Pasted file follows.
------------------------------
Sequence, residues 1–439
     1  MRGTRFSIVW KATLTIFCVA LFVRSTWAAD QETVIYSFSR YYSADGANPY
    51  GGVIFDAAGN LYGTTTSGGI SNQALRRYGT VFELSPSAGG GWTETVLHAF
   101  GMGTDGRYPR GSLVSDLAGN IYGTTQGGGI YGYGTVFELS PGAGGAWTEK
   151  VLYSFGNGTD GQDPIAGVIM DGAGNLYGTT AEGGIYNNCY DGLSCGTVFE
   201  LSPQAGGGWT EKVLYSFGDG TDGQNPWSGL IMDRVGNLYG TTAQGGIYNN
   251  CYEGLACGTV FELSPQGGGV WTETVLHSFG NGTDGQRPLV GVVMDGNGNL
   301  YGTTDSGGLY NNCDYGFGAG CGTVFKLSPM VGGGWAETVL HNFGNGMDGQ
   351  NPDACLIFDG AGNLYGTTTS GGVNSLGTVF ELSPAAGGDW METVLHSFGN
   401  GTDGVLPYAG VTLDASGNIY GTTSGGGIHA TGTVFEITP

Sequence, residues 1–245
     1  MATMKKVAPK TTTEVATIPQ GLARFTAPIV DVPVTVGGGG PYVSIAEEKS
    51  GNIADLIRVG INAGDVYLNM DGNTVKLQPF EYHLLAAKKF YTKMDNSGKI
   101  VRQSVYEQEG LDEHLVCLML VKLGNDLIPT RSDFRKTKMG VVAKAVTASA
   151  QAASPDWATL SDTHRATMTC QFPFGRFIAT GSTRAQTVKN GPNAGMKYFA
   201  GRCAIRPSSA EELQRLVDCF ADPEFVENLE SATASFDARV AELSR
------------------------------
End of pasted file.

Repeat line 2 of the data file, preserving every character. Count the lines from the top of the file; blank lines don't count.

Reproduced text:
     1  MRGTRFSIVW KATLTIFCVA LFVRSTWAAD QETVIYSFSR YYSADGANPY